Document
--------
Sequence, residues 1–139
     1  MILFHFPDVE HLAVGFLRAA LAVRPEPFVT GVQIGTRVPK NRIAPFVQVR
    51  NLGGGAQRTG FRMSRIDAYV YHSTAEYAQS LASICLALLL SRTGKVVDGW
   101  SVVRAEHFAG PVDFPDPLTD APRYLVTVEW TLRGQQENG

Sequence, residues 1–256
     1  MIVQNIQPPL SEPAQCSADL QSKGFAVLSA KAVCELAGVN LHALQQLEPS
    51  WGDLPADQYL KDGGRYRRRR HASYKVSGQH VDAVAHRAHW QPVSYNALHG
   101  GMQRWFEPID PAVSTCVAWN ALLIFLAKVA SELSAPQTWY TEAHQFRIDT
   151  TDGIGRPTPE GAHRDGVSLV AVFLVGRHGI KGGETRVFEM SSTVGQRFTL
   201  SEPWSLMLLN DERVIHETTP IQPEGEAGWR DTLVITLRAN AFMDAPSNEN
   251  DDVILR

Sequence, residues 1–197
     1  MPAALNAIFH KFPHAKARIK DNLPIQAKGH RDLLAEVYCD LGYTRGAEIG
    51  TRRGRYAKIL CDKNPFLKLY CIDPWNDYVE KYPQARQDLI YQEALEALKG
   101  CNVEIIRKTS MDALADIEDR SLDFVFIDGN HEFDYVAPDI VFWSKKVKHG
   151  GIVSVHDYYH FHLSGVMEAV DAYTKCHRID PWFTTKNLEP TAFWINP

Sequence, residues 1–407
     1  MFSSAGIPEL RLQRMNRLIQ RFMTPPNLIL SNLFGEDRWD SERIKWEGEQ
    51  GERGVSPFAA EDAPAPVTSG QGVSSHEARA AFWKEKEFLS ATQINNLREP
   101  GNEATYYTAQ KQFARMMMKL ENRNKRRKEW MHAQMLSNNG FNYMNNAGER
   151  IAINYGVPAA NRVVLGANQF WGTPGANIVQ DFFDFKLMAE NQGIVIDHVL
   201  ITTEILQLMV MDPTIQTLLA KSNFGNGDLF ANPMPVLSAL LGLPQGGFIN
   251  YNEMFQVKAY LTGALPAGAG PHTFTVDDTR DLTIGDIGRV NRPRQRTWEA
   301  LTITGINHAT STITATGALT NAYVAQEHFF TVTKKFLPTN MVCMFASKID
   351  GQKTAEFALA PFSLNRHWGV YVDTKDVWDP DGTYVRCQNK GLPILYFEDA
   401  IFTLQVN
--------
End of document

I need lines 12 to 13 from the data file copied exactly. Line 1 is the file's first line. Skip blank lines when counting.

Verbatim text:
Sequence, residues 1–197
     1  MPAALNAIFH KFPHAKARIK DNLPIQAKGH RDLLAEVYCD LGYTRGAEIG